Okay, here we go.

Do we need trigger warnings in Criminology?

I have frequently found that presenters, professors, writers, etc. in criminology seem to assume that their target audience does not contain the type of ‘othered’ person they are talking about. I will certainly not generalize this to everyone, but it is a serious problem, in my mind.  Many criminology professors teach about crime as if ‘criminals’ and the students they are lecturing are mutually exclusive categories. Discussions of ethnicity, sexuality, and religion are, to me, not as badly ignored in the collective ‘we’ nowadays (in my experience) likely due to a great deal of exposure on these types of difference, but labels such as ‘criminal’, ‘mentally ill’, and various types of ‘victims’ are often – usually? – discussed as if they are a theoretical notion, a group of ‘other’ people. One exception to my comment about ethnicity, though, is First Nations people – too frequently I have heard students, more than professors, slip into ‘us’ vs. ‘we’ talk when discussing First Nations reserves in particular and the people in general.

Okay. So. One main question I have, which I would seriously love answers to, is this: do you think that this is a functional removal of emotion and humanity from academia, or is this an example of glaring ignorance about the population actually involved in academia?

I particularly love qualitative research because, as far as I have been taught, qualitative research realizes that the research her- or himself is a part of the process. The researcher has a subjective, but valuable, approach, an impact on the collected data as well as the participants, and the feelings and experiences of that researcher hold value for other researchers. I am delighted to find that people actually care about the seriously affective (to me) experiences I have been having researching the clients of sex workers. The fact that I think I interviewed one person badly, or that I lost control of interviews with forceful personalities, or that I felt very complex emotions are points of data, not just examples of how I am not a good researcher. They show me personally how to improve, but they also exemplify the two-sided nature of qualitative research. Thankfully I have wonderful academic mentors that could point this out to me before I threw up my hands and decided I was a failure as a researcher.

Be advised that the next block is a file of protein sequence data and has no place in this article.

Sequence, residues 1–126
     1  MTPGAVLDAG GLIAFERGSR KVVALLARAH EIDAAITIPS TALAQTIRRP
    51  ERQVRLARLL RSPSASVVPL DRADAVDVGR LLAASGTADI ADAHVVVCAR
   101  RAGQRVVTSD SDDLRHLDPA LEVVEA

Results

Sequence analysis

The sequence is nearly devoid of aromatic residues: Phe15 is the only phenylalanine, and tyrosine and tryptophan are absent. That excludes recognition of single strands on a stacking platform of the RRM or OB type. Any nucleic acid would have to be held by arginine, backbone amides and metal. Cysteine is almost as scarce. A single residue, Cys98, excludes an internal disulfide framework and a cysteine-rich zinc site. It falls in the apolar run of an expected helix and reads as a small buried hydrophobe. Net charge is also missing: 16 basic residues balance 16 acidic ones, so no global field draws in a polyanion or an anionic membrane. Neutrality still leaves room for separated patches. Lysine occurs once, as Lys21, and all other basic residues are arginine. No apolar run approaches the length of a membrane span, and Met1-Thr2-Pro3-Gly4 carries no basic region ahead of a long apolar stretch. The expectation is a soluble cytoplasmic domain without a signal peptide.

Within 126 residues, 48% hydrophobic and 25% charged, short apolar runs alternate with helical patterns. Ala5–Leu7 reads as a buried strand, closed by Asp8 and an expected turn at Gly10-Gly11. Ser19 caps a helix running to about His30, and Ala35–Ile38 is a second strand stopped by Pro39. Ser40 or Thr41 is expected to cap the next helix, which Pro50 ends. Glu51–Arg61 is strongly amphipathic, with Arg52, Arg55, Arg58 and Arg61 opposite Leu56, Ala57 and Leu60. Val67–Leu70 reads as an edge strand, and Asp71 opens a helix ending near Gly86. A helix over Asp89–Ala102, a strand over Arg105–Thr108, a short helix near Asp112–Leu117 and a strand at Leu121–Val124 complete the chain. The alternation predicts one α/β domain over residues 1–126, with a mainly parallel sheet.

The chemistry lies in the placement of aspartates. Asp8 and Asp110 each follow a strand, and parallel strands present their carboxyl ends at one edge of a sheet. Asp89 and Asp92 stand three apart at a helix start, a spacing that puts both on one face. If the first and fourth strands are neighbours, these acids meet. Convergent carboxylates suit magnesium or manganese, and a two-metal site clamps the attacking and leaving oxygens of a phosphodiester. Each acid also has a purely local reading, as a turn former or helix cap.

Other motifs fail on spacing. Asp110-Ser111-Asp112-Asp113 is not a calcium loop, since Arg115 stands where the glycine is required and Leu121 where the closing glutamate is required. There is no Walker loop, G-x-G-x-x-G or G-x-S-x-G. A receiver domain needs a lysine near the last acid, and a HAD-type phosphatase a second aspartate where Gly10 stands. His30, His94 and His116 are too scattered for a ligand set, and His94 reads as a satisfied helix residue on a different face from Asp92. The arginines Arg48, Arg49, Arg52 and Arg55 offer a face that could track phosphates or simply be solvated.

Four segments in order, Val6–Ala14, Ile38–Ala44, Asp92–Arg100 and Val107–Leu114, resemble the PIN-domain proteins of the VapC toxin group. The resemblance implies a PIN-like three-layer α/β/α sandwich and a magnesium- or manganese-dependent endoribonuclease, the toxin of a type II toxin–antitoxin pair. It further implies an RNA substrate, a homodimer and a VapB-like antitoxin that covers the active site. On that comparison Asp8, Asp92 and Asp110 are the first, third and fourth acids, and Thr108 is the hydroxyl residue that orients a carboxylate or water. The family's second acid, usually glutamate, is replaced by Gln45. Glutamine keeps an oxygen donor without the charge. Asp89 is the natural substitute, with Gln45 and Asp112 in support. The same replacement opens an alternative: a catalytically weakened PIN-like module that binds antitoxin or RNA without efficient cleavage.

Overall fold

So, we’re people. But does that mean I can’t be a criminal? Or have been a criminal? That I can’t have (or have had) a mental illness, eating disorder, assault in my past – or even present? I don’t think so. From what I’ve heard, Victimology classes can be a bit rough, because female students start volunteering sexual assault histories in class, much to the discomfort of the professor. While I am not sure class is the right place for a counselling-type conversation, it also does a lot for stigmatization when this type of conversation is discouraged.

My point?

I think that academia (as if that broad term refers to an actual thing) needs to take a good, hard look at itself and realize the impact studies, presentations, lectures, etc. can have on their audience. I think that pictures posted for shock value should be reconsidered in light of this idea of the ‘trigger’ and the potential survivor(s) an academic may have in the audience. I don’t think this needs to be done because our society is too afraid of hurting people, and look at how sensitive some people get, anyways – I think this needs to be done to emphasize to those in control of these images and material that your relationship with your audience is dynamic. You are not isolated when you share your research, your audience may not be aware of the material you are about to present, and it is your duty as an ethical human being to minimize the negative effect you have on others. If your point, information, photos, etc. are crucial, fine – some of criminology is not pretty. Just give that person in your audience who was having a perfectly normal day a fair opportunity to continue that day as planned.


I hope to write soon on the rest. My experience with the new Lara Croft: Tomb Raider video game was terrifying. It amazes me how little room there is in the general world for those who may have different needs, experiences, harms. I read so much on how Lara Croft being a ‘survivor of rape’ was a good/bad/horrible/wonderful development; to me, the discourse surrounding this completely missed the point and ended up having nothing to do with the ultimate effect. But that will be its own post.

Thank you for reading my rant – I’ve been drafting this in my head for hours, and I could not keep it inside. I would really love to hear what you think of this. Is this too sensitive? Is a trigger warning on academic material unrealistic? Should academics be able to put personal experiences and triggers aside if they are engaging in academic literature? What do you think?